Bill Blaikie
Reminiscences of a political life

This year will be the 30th anniversary of the great Canadian debate about the Charlottetown Accord and the subsequent referendum that took place on October 26, 1992. The Charlottetown Accord was a response to the failure to ratify the Meech Lake Accord in 1990. And of course, the Meech Lake Accord itself was a response to the Patriation of the Canadian Constitution in 1982, when the British North America Act at Westminster was returned and became the Constitution Act 1982, which included the Canadian Charter of Rights and Freedoms. And Patriation itself had been Pierre Trudeau’s response to the first Quebec referendum in 1980.

The fact that Quebec never signed the patriated constitution was a problem that Brian Mulroney tried mightily to fix, but in the end he did not succeed. Instead, the failure of the Meech and Charlottetown Accords unintentionally made matters worse and created the context for the second Quebec referendum in 1995, which fell only a percentage point short of initiating a process that might have led to the end of Canada as we know it.

The second referendum led Prime Minister Chretien to implement at the administrative and legislative level much of what Quebec had sought in the Meech Lake Accord. It also led him bring forward the Clarity Act, which stipulated that in any future referendum Canada would only be obliged to negotiate with Quebec if there was a clear majority on a clear question.

Shortly thereafter Lucien Bouchard, the leading sovereigntist Quebec voice, resigned from political life.

After this brief survey history of constitutional struggles, through all of which I was a MP, I want to return to the subject of the referendum on the Charlottetown Accord. The referendum on the Charlottetown Accord in the fall of 1992 was a dismal political experience for me. I supported the Accord, despite some of its arguable flaws, but my constituents certainly did not, and that may well have contributed to a close call for me in the federal election of 1993. The riding of Winnipeg – Transcona had the highest NO vote in the province, a result which in my view reflected in part their feelings about Brian Mulroney as much as it did their feelings about the accord itself.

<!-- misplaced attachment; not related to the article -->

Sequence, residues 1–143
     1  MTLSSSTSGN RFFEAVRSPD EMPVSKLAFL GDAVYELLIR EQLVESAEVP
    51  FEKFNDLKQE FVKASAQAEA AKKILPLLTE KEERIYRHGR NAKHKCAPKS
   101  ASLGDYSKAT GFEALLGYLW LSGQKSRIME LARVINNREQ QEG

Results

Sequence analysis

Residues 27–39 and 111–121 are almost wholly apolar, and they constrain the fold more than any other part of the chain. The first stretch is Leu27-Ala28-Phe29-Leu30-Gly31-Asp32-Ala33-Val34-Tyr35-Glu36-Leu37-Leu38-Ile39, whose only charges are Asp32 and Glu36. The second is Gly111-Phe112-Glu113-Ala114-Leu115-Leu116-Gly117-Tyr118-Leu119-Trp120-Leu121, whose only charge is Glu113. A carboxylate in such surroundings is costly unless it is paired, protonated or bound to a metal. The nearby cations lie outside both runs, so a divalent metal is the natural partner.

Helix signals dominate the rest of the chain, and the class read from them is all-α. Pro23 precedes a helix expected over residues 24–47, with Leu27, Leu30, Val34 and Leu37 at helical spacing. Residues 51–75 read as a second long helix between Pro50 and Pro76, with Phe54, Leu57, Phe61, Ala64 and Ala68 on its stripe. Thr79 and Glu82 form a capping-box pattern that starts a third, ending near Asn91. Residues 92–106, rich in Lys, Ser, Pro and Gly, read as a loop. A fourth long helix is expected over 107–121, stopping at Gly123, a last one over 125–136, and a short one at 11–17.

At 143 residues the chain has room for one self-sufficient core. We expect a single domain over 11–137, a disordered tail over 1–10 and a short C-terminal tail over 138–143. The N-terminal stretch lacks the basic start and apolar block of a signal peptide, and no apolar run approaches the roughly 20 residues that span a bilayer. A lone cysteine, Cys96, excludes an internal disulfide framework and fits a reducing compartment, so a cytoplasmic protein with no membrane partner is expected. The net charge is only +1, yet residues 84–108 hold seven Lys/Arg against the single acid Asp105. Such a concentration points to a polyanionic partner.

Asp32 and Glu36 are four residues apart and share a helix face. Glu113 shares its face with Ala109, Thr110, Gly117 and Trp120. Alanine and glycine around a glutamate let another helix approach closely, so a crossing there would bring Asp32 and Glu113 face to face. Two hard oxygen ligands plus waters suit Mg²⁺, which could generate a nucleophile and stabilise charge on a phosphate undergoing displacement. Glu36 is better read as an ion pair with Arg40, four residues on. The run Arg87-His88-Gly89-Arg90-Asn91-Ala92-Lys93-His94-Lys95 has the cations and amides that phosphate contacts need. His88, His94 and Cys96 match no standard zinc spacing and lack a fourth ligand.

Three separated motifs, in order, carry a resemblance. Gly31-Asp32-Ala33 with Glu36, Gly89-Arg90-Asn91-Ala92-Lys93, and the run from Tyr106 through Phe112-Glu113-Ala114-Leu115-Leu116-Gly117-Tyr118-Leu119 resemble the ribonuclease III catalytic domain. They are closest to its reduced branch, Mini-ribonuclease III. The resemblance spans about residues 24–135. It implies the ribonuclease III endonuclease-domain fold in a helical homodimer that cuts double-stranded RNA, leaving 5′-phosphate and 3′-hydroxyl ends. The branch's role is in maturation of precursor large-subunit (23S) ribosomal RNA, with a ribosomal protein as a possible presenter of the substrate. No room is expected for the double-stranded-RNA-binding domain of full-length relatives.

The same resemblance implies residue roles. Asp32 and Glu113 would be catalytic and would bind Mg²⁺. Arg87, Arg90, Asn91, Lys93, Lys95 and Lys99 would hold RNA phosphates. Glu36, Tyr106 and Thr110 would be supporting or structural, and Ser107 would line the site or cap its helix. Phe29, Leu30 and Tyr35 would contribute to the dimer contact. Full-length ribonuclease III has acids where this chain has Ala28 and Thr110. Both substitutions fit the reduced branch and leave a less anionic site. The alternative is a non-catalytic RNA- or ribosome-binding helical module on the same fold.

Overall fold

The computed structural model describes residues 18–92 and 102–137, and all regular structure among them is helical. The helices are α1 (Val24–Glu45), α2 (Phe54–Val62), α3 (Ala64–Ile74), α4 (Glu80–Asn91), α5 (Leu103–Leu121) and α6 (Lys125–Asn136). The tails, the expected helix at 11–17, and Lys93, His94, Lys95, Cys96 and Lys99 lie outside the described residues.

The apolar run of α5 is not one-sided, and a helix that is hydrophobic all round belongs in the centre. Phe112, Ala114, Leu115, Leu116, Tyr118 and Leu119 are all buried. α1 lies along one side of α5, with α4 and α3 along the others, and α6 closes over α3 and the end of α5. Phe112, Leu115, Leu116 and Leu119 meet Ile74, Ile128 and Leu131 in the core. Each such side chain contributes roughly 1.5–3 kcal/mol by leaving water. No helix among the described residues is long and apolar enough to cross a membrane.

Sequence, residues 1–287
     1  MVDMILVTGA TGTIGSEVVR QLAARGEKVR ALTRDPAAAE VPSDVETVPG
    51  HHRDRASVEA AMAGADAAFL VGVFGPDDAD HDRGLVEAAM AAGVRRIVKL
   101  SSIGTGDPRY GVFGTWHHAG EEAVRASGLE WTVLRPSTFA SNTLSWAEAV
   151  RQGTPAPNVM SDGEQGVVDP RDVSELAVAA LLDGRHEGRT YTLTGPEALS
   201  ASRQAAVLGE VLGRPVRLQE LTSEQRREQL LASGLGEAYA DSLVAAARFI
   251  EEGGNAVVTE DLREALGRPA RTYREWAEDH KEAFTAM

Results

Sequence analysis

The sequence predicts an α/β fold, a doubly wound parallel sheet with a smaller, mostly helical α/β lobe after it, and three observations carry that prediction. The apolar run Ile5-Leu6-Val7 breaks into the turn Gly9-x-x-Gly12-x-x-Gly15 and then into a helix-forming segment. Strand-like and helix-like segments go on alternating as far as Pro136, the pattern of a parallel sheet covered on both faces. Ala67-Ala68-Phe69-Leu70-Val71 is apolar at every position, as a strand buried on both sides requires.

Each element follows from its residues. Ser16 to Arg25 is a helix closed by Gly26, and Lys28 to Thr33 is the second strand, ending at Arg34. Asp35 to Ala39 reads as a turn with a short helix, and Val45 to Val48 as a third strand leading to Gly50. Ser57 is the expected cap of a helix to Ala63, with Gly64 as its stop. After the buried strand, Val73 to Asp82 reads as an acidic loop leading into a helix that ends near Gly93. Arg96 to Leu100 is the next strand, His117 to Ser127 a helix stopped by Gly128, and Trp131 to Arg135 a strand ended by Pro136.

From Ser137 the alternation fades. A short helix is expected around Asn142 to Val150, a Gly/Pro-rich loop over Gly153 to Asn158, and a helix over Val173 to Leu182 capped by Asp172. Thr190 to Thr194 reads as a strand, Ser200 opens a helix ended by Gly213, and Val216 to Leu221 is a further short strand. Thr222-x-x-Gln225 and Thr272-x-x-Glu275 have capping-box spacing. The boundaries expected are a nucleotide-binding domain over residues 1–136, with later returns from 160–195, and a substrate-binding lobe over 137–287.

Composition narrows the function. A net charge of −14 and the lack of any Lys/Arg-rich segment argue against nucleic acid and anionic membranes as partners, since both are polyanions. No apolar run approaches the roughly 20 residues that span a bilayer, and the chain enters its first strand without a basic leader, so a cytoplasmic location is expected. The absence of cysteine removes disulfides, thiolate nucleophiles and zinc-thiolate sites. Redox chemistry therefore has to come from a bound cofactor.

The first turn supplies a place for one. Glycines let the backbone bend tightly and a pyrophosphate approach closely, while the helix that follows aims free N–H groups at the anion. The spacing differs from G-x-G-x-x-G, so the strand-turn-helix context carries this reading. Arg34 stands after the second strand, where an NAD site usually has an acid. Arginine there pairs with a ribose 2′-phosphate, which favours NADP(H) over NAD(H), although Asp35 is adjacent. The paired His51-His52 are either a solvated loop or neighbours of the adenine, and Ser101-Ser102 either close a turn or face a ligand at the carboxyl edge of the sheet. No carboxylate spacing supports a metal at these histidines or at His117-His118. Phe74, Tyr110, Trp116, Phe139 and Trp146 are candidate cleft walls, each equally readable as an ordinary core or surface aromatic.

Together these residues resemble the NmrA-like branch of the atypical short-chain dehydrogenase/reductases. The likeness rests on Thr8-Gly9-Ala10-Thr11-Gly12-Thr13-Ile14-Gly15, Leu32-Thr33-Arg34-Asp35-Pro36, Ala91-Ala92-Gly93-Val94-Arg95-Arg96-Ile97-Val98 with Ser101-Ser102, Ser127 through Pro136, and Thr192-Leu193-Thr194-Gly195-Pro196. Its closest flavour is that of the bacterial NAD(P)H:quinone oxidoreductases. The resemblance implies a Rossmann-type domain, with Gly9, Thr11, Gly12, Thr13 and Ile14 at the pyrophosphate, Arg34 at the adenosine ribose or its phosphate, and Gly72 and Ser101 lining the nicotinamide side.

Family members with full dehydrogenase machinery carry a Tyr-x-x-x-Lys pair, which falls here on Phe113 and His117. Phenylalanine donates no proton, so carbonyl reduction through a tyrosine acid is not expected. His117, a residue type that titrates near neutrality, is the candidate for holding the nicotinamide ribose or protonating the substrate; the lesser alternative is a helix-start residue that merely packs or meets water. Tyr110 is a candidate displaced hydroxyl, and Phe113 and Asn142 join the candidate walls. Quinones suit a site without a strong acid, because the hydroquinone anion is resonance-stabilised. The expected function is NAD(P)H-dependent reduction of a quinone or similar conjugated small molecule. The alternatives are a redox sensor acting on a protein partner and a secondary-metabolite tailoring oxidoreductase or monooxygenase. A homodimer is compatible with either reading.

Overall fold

But the debate on the referendum did have one highlight. I enjoyed the rare opportunity of meeting and debating a political legend. Immanuel United Church, in my riding, sponsored a town hall meeting on the accord, but there were no locals prepared to debate me on the issue. Instead, the “NO” side sent then 97-year-old former Liberal Manitoba Premier Douglas Campbell, who had become a member of the Reform Party, and shared that Party’s opposition to the accord. He was the Premier of Manitoba when I was born in 1951.

Mr. Campbell was not only unusually old, but also quite blind.

Nevertheless, he seemed to have memorized the accord, and knew what he was talking about. You might say he was formidable, but he was also amiable, and we had a splendid evening as far as such evenings go. At some point in the evening, we realized our common affection for Scotland’s Immortal Bard, Robert Burns.

At the end of the evening everyone had a good laugh when the former Premier said he was glad it was over, for if he stayed any longer, I might end up selling him an NDP membership.

But he was on the winning side of the debate over the Charlottetown Accord, which laid the basis for the success of the Reform Party and the Bloc Quebecois in 1993. In the realm of unintended consequences, the Charlottetown Accord has a place of honour, or dishonour, as the case may be. 

Former Manitoba Premier Douglas Campbell lived to be 100 years old.

Hon. Bill Blaikie was the NDP MP for Transcona from 1979 to 2015. He was Provincial Minister of Conservation under Gary Doer.